Well, I ended up deciding on a monastery in Thailand, but a year and a half ago I left my high-paying job in New York City to ordain. I’m happy to share my experience:
I had lived at monasteries for a total of about 30-40 days in my life (a weekend here, a week or two there… not including retreat centers) before deciding to jump. After leaving my job, I took about half a year to tour the world and try different monasteries. I stayed for about 8 days at a time at over a dozen monasteries in the US, Canada, Asia and Australia. I observed and evaluated each teacher and community, took notes, asked questions, and tried to learn as much as possible about what I needed and was looking for. I stayed with some friends in California for a while at the end of my tour to decompress and plan next steps. At first I was thinking of spending a month or two each at my favorite few monasteries before making a “final decision” but a mentor of mine encouraged me to just pick one and stay there as long as I like. I picked one in Thailand and, a year later, I’m still here and still liking it.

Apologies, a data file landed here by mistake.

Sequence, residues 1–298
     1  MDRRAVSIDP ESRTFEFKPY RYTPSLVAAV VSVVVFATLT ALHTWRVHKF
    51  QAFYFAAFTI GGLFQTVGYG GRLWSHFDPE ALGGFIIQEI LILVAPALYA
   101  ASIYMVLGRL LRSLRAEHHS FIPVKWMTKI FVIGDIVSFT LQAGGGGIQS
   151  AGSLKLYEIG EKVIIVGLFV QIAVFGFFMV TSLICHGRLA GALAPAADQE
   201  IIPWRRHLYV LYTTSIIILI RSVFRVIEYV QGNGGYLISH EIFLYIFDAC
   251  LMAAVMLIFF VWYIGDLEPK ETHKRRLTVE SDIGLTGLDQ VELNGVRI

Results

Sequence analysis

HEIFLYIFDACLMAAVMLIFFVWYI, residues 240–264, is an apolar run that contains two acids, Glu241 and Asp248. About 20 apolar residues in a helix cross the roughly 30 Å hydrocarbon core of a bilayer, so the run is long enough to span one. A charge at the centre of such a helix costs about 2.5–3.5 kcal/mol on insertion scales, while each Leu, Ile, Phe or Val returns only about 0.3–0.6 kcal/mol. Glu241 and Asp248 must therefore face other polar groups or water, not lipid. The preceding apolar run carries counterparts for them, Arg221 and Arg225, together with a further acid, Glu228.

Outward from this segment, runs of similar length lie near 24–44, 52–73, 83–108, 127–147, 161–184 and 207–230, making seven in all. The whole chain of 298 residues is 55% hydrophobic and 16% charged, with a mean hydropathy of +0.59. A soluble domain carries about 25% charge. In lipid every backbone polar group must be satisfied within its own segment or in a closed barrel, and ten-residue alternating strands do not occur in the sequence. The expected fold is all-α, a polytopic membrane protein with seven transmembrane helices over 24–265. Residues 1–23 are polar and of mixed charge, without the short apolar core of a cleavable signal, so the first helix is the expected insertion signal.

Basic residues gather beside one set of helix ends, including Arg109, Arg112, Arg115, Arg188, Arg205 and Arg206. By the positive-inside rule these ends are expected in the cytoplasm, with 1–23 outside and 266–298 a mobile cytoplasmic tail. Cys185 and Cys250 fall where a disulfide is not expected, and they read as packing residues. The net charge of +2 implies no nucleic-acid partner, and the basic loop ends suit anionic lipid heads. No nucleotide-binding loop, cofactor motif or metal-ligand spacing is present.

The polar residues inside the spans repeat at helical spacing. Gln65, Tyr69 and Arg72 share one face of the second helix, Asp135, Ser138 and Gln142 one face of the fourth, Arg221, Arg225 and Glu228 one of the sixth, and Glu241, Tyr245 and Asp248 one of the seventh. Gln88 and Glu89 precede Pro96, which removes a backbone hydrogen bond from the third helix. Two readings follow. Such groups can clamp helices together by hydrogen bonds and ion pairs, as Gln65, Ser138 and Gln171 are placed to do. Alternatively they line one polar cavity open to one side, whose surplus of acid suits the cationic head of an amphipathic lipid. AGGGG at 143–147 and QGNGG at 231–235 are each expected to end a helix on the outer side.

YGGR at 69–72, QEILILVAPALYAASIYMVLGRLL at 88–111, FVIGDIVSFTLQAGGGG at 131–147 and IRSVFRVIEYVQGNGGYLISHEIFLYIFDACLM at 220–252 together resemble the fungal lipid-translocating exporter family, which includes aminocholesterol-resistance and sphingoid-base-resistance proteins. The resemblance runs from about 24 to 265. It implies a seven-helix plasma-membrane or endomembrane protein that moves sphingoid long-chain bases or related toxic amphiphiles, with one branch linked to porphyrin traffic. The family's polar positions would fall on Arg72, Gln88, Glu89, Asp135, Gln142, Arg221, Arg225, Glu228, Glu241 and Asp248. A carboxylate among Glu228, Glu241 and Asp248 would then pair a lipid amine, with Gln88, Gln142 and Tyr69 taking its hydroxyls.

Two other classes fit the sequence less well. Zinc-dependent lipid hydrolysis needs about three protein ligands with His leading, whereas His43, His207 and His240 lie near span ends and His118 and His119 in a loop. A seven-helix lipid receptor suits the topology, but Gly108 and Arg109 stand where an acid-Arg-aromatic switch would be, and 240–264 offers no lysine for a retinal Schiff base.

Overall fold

RE healthcare: I tried to get government healthcare in the US after leaving my job, but being itinerant in a system where health insurance is state-by-state… it wasn’t really possible. Assuming you have no chronic health problems, I recommend just going without insurance for a while. This was a bit frightening to me at first, but eventually I realized that over the counter medicines in the US (and clinics in Asia) are really cheap and are far better than even the best medical care a few hundred years ago. Just take it as a practice in renounciation and being content with what’s available.
RE paperwork: There’s not much. I’ll echo the above about the people at each temple knowing more. Each community (and country if you go international like I did) will have its own thing. Just read the information online, ask around when you visit and you’ll figure it out.
The only critical thing I did before setting out was I took the time to get my family on-board. I spent a while living with my parents over Christmas to explain my decision, what it would mean, how they could help, to get my parents’ permission, etc. That was tough, but it has been very helpful both practically and emotionally.